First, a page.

The ugliness of the 2016 election seems bound to continue beyond November 8th. It seems to me that addressing the divisions in our society must be at the top of Clinton's list of goals. One way to reduce some of those divisions is by reducing economic inequality, and that is on Clinton's agenda. John Cassidy (New Yorker) reports on Clinton's plan to tax the very rich to pay for such things as infrastructure improvements: Hillary Clinton's Plan to Squeeze the Ultra-Rich.
With all the attention given to whether Donald Trump would accept the results of the election, one major claim made by Hillary Clinton at last week’s Presidential debate was all but overlooked by the general public. Three times during the proceedings, Clinton asserted that her economic proposals—which call for about $1.65 trillion in additional spending over the next ten years on infrastructure, health care, education, and other items in the federal budget—wouldn’t “add a penny” to the national debt.
"We are going to ask the wealthy and corporations to pay their share,” Clinton said during last week’s debate. “And there is no evidence whatsoever that that will slow down or diminish our growth. In fact, I think just the opposite. We’ll have what economists call middle-out growth. We’ve got to get back to rebuilding the middle class, the families of America. That’s where growth will come from.”
A more progressive tax structure is a good first step toward reducing inequality. But we need to go further and change how people think of themselves and others and that means fostering social inclusion. The reason why we need to aim for social inclusion is that social exclusion breeds conspiracy theories, as Tom Jacobs explains in the Pacific Standard magazine, Social Exclusion Breeds Conspiratorial Thinking. "New research provides a possible clue as to why so many Donald Trump supporters believe outlandish things."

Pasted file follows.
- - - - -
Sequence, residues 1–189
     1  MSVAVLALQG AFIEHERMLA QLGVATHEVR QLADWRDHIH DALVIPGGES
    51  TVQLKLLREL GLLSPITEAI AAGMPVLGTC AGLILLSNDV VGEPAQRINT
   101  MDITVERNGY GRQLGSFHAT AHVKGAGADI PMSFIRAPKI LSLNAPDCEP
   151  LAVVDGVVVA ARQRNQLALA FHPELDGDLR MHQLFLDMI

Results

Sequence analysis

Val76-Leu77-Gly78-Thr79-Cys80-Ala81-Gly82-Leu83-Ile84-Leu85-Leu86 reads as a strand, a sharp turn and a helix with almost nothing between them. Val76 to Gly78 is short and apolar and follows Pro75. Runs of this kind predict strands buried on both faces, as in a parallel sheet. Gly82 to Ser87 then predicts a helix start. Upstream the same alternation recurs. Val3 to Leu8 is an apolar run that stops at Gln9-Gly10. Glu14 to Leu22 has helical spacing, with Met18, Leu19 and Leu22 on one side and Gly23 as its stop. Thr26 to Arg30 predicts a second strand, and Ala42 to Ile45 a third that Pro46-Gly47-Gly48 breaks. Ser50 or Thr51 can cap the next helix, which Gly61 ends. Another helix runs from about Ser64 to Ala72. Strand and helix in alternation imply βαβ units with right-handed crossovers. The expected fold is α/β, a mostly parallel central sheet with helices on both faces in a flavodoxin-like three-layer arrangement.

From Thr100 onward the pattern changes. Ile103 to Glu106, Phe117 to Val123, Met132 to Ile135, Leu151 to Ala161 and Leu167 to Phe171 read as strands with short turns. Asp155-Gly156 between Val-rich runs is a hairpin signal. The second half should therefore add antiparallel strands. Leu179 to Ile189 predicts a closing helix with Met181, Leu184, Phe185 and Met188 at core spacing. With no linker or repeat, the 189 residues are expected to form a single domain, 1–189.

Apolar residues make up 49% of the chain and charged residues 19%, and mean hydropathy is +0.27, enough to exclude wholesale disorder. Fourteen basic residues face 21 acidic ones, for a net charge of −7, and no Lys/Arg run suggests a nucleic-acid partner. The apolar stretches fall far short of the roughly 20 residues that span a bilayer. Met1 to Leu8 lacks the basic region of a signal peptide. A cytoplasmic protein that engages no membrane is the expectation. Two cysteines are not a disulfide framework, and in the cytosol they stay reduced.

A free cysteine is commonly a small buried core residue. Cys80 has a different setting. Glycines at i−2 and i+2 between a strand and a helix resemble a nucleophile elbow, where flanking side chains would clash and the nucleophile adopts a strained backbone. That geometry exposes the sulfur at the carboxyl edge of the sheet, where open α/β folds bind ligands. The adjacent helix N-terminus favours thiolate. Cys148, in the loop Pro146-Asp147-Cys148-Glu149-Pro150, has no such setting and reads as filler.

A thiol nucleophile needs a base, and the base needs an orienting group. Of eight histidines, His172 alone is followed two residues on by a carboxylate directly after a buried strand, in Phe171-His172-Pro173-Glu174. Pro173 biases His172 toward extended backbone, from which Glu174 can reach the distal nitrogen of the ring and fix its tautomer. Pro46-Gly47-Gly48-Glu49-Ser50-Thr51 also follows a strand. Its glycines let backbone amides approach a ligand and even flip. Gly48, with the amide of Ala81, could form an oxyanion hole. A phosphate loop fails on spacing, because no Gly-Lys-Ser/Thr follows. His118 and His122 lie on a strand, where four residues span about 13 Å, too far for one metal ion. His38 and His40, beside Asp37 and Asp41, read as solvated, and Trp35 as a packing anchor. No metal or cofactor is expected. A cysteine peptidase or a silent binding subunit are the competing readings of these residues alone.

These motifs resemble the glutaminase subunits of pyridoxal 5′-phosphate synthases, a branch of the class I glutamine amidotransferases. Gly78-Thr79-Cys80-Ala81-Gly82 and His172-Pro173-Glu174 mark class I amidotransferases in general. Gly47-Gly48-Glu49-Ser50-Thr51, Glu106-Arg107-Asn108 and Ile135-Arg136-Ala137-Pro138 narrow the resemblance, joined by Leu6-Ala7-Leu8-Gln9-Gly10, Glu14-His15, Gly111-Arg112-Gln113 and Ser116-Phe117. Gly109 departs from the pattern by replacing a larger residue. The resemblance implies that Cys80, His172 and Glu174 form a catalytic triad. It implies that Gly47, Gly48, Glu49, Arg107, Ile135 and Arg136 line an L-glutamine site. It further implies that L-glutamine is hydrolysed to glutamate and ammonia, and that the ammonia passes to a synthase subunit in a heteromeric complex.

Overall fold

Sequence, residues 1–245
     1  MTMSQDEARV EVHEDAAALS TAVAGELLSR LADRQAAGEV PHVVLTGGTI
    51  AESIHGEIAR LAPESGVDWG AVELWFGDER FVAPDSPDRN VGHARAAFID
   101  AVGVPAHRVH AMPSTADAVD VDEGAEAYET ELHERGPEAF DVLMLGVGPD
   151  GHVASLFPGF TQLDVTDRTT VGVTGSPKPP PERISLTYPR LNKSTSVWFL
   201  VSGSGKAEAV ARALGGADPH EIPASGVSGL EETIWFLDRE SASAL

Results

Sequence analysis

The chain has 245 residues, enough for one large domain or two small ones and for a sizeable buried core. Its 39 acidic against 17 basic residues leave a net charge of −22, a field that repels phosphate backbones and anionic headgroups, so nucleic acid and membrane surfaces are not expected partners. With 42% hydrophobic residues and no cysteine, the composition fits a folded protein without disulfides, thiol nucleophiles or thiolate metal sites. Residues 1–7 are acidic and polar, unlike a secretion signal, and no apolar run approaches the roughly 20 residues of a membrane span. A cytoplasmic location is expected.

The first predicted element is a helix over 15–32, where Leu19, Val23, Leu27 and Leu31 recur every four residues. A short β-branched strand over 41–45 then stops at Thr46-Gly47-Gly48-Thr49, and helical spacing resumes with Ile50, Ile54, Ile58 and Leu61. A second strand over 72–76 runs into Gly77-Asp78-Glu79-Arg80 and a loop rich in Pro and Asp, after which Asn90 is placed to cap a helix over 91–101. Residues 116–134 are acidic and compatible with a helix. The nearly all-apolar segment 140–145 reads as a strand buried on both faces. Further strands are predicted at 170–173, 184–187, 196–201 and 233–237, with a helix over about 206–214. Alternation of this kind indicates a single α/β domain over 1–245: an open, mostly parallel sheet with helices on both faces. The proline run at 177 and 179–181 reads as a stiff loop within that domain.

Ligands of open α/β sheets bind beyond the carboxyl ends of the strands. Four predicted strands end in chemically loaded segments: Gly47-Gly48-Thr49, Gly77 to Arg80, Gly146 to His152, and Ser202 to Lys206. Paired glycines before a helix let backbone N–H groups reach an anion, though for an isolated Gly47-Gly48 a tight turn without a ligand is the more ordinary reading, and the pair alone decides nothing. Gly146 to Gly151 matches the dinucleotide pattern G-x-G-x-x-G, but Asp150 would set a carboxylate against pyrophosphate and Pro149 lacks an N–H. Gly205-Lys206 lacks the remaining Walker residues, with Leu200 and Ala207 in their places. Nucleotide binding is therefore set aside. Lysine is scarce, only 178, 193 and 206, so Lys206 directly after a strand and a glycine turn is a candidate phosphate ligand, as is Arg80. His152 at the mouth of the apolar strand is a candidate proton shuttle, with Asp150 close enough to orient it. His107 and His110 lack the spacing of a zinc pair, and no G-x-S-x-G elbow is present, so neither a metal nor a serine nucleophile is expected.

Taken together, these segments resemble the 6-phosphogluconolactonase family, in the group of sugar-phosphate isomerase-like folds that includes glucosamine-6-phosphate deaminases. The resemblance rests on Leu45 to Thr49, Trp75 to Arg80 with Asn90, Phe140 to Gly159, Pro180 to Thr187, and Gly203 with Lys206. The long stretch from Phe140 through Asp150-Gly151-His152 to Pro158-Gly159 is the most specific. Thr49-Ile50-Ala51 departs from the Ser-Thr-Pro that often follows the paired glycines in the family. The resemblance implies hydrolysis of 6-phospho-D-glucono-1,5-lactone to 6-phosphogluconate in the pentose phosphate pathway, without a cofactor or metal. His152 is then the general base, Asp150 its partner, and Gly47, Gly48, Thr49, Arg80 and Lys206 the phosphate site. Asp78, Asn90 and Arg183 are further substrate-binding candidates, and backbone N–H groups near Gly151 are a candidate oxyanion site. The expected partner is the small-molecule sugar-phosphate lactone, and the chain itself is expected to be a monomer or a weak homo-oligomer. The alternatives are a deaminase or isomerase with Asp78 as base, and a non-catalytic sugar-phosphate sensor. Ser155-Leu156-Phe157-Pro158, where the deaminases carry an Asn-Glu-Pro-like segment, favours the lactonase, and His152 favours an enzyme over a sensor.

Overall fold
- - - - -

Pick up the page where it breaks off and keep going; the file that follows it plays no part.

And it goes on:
Donald Trump’s core supporters seem willing to swallow increasingly absurd conspiracy theories — including the candidate’s insistence that a vast array of international forces are out to defeat him. It’s easy to mock their credulousness, but newly published research suggests a specific psychological mechanism may be driving such beliefs.
It finds a feeling of social exclusion is linked to belief in superstitions and conspiracy theories. And, as a wide range of commentators, including President Barack Obama, have noted, many of Trump’s voters see a nation they no longer recognize and feel left out.
Social exclusion — the realization you have become cut off from either your circle of acquaintances, or the wider society — can be a source of intense discomfort. Princeton University psychologists Damaris Graeupner and Alin Coman argue it can send people on a search for meaning, which, in turn, leads some of them to accept discredited ideas.
[In the second of two studies college students] wrote a short essay, which — they were told — “would be given to the other two participants that were physically present in the room.” Those people “would rank who they would like to work with in a subsequent collaborative task.”
In fact, the students were randomly told they had been selected or not selected (with members of a third group not getting word either way). They then took a test designed to measure their superstitious beliefs.
... the researchers found higher levels of such beliefs among people who had just felt excluded. Graeupner and Coman believe these results help explain why so many conspiracy theories are “impervious to change.”
"Feeling socially excluded might lead one to endorse superstitious beliefs and conspiratorial ideas,” they write. “This endorsement, in turn, might lead to further exclusion from one’s social circle, and the cycle continues…. Very often, the individual who experiences social exclusion then searches for like-minded individuals who further reinforce those beliefs, until they become entrenched.”
Another reason to seek a more inclusive society is the present level of acrimony observed by Jeffrey Goldberg, now editor of The Atlantic. NPR reports on their interview with the new Atlantic Editor On Acrimony In U.S.: 'I Have To Imagine That It Actually Gets Worse'.